Pee-wee's back and all the rage right now, but how many of us who grew up on his Saturday-morning wackiness remember seeing him on the big screen? Fortunately, a drop-dead gorgeous historic movie palace on Journal Square in Jersey City has taken an eclectic approach to programming films. Earlier this year, the Landmark Loew's Jersey Theatre revisited the decades, the… More >>
  • Best New Theater District

    Governors Island

    New York's theater districts have always been fluid. Broadway, in the 1870s, was actually located around Union Square. The "downtown" alternative theater that was based in the Village and Soho from the 1960s to the 1990s is now scattered all around New York, chased out by real estate pressures. The passing of a theater district is always cause for mourning,… More >>
  • Best 2010 New York City Rap Anthem

    "Beamer, Benz, or Bentley"

    It's pretty much necessary to preface any statement about New York hip-hop with the caveat that things aren't going so well for the city, rap-wise, and haven't been for some time. The svelte Canadian Drake, the bulbous Floridian Rick Ross, Detroit native Eminem—these are the rappers setting the trends at the moment, leaving New York to its traditionally hardheaded devices.… More >>
  • Best Resurgent Print Medium That Was Thought to Be Dead

    zines

    Who would have thought that of all the useless, paper-based, self-indulgent means of expression that proliferated during the 1990s, it would be zines that survived? In the age of Twitter, Tumblr, e-mail, etc., it seems almost perverse to be photocopying, folding, and stapling communiqués by hand, but that seems to be the point. 2010 has seen a revival of the… More >>
  • Best New York Fashion Blogger

    Elizabeth Spiridakis

    In the mornings, she Tweets her outfits—"garage sale rust orange 1950s men's cardigan, fluoro pink sports bra, dark RLRugby denim bell skirt, easte sale navy 1960s sandals," say—and by the afternoon, Elizabeth Spiridakis is typically on her blog, White Lightning, either in the grips of a new obsession (clogs have been big lately) or an unforgivable fashion affront (on Lady… More >>
  • Best New York Writer Young Enough to Make You Slit Your Wrists

    Téa Obreht

    You will never be Téa Obreht, the youngest member of The New Yorker's "20 Under 40" 2010 class, because Obreht is 25 years old, and you are not. A compact, blond immigrant from the former Yugoslavia by way of Egypt, Obreht went straight from Cornell's MFA program to The New Yorker, which published a chapter from her forthcoming novel, The… More >>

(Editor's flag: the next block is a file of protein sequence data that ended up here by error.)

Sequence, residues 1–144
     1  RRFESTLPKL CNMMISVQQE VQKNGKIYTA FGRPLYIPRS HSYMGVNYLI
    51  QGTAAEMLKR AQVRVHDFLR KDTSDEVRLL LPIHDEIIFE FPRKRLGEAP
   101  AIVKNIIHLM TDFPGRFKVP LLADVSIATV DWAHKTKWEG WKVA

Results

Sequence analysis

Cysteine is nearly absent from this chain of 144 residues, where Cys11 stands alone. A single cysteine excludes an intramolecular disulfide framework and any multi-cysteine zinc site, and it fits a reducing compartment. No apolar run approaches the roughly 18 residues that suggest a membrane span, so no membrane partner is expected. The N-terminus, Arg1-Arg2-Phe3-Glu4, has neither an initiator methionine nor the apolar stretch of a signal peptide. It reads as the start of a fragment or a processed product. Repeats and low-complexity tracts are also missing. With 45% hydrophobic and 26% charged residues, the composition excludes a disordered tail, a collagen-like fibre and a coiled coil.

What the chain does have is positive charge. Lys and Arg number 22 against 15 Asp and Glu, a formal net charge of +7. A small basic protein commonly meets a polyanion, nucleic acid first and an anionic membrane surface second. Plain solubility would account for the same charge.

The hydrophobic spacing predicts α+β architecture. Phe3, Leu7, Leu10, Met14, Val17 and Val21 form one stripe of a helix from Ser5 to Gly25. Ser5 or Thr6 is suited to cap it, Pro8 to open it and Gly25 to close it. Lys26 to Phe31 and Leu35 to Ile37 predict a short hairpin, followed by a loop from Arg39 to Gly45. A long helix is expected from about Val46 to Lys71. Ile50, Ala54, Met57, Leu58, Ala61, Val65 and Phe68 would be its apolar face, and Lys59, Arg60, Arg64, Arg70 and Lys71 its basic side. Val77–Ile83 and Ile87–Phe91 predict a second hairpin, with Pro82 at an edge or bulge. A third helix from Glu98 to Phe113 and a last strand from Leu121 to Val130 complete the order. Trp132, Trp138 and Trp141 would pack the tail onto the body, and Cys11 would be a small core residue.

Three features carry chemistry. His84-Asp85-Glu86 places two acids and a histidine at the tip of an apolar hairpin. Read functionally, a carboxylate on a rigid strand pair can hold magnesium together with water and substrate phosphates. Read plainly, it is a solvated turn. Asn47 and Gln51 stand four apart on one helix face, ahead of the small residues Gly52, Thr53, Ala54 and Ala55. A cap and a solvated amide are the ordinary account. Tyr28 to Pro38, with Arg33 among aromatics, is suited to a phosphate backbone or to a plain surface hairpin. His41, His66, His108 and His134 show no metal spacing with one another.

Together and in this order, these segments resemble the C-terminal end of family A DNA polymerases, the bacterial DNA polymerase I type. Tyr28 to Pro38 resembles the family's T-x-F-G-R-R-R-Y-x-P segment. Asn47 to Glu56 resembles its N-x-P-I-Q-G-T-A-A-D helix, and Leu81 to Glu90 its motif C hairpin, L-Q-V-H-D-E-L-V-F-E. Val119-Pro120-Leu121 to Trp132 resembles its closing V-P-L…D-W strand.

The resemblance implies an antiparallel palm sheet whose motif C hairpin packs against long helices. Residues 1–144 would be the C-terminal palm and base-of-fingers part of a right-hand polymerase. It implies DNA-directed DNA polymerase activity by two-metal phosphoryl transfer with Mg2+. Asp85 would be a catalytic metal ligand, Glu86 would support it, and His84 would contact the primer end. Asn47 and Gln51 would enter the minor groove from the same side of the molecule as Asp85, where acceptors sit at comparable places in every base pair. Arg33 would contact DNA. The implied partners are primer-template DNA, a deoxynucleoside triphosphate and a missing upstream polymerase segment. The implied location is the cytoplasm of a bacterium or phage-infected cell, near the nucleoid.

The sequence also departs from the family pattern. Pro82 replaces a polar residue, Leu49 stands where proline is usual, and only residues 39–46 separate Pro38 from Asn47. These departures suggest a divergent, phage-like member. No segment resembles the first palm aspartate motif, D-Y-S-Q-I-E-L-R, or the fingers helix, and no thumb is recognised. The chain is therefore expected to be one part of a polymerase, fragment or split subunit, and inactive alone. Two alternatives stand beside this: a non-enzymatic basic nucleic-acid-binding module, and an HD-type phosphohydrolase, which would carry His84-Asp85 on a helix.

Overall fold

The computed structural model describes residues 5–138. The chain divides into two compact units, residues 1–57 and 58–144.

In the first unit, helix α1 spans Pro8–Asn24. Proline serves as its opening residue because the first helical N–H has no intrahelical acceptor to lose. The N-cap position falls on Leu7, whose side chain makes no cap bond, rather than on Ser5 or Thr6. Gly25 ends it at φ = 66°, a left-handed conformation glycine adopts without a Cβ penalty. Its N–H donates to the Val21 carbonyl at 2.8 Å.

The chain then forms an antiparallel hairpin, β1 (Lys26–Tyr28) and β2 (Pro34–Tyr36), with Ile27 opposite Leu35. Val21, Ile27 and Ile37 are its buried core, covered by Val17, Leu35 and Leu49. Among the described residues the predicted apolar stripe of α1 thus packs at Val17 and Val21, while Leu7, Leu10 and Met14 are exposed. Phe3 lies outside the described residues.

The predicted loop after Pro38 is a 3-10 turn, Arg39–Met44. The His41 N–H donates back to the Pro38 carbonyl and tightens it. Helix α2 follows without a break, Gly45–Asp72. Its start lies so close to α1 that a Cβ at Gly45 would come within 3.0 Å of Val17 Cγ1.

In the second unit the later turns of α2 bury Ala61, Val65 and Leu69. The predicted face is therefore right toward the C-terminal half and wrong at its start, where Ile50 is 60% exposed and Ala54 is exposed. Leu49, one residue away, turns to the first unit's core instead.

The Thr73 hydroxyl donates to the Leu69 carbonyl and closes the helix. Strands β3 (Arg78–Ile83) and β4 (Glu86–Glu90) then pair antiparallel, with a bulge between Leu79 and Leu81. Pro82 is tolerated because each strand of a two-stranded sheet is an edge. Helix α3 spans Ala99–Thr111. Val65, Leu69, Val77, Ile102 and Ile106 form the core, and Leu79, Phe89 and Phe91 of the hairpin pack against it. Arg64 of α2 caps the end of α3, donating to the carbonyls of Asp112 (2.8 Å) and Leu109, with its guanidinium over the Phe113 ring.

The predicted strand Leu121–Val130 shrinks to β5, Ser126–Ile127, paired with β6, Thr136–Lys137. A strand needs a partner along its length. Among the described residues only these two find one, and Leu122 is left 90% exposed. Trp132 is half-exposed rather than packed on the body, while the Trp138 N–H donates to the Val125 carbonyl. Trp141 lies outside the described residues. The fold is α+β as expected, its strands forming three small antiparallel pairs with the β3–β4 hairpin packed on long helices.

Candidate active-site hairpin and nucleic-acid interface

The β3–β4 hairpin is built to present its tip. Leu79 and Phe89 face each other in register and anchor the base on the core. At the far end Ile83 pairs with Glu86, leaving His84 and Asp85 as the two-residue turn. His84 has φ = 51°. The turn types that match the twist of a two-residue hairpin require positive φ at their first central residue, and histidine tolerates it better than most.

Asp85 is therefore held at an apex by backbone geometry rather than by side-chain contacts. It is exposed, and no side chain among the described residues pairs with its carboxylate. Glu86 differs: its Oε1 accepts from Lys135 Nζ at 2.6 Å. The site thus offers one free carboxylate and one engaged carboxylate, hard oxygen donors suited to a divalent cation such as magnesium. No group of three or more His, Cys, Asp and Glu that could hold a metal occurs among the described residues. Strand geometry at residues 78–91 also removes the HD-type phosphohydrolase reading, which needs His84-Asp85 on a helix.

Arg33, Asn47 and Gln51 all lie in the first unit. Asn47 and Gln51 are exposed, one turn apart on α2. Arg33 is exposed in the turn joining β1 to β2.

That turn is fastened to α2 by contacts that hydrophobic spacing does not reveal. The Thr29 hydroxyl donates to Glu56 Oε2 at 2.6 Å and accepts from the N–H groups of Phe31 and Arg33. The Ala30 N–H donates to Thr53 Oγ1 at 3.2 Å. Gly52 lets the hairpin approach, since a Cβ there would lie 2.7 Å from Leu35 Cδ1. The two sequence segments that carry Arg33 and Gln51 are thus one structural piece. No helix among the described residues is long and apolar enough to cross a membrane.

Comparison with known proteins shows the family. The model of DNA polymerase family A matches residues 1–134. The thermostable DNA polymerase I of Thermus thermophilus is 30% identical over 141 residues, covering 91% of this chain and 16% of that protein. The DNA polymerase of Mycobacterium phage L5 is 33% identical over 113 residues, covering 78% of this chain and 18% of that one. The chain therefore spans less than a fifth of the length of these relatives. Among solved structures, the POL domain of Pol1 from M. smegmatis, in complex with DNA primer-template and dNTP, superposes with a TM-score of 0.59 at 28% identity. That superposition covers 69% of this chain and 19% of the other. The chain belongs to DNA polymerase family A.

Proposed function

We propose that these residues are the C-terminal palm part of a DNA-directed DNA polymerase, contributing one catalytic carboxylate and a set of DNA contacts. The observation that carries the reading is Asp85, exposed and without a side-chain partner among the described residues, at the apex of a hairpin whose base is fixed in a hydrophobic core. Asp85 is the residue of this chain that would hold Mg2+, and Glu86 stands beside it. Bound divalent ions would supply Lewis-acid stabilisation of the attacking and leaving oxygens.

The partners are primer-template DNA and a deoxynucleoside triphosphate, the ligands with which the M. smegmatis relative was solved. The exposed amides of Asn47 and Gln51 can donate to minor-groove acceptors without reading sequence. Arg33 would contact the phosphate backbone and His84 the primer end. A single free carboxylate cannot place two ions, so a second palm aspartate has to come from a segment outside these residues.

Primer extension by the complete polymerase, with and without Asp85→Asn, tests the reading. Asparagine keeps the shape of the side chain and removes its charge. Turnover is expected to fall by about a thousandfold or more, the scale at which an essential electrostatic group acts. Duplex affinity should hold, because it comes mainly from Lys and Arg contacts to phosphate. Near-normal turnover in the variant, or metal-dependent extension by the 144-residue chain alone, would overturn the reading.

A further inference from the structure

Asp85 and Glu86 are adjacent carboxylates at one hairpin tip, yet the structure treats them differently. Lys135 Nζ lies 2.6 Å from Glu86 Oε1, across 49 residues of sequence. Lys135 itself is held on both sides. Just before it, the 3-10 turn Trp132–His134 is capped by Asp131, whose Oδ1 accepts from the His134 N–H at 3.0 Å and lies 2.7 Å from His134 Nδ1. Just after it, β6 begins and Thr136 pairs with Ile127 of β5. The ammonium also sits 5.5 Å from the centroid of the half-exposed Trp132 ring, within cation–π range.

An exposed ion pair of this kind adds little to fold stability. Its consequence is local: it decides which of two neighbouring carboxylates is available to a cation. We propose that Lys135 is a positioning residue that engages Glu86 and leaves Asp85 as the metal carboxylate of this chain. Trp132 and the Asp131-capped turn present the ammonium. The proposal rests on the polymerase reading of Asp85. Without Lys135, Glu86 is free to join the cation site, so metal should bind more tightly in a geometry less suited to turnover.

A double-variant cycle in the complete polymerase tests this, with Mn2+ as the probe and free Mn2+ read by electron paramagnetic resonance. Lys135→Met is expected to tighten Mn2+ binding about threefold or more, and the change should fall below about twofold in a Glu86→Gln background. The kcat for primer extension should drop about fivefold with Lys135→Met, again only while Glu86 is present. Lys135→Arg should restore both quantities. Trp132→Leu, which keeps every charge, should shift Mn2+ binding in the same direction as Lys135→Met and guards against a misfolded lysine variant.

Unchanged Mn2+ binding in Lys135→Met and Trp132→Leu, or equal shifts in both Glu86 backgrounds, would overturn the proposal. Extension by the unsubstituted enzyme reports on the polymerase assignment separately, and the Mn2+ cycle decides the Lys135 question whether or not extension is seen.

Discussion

• Colson Whitehead

    Best Literary Twitter Account

    Colson Whitehead

    Writers tend to use Twitter for self-promotion. Colson Whitehead uses it to express self-loathing. There are his failures as a parent ("The kid, as she repeatedly drives my fist into my face: 'Why are you punching yourself?' Me: 'I want to feel something' "). There are his struggles with depression ("Oh, look: my despair is crowning. So glad I'm here.… More >>
  • Best Sporadically Active Venue Illegally Located in a Former Rap Star's Basement

    Under 100 - CLOSED

    Ah, Under 100, or whatever they're calling it today. The venue, located in the Tribeca basement of former Jay-Z confederate Damon Dash, has been through a lot in the year or so since it first started hosting WTF sets from local indie-rock bands. An exposé printed in these pages enraged a local community board (Dash, too) and got the illegal,… More >>
  • Best Spurious Campaign Against a Brooklyn- Centric Genre (Led by a Brooklyn-Centric Band)

    R.I.P. Brooklyn Lo-Fi

    R.I.P. Brooklyn Lo-Fi is the slogan of Brooklyn's Mr. Dream, a Nirvana-reviving, vitriol-spilling three-piece with a lot of hostility for their neighbors. Brooklyn lo-fi, of course, is the timid, badly recorded stock-in-trade of local zeitgeist labels Underwater Peoples and Captured Tracks, whose bands—led by the tentative garage pop of Beach Fossils, Real Estate, Julian Lynch, et al.—have had 2010 on… More >>
  • Best Reprisal Against a Carpetbagging, Out-of- Town Street Artist

    Shepard Fairey

    It must have seemed like a fairly uncontroversial move when Jeffrey Deitch asked Shepard Fairey to put up a mural on the Houston Street wall formerly graced by Keith Haring and, more recently, the Brazilian street art duo Os Gêmeos. The South Carolina–born Fairey is arguably the most famous street artist in the world (see: his iconic blue-and-red image of… More >>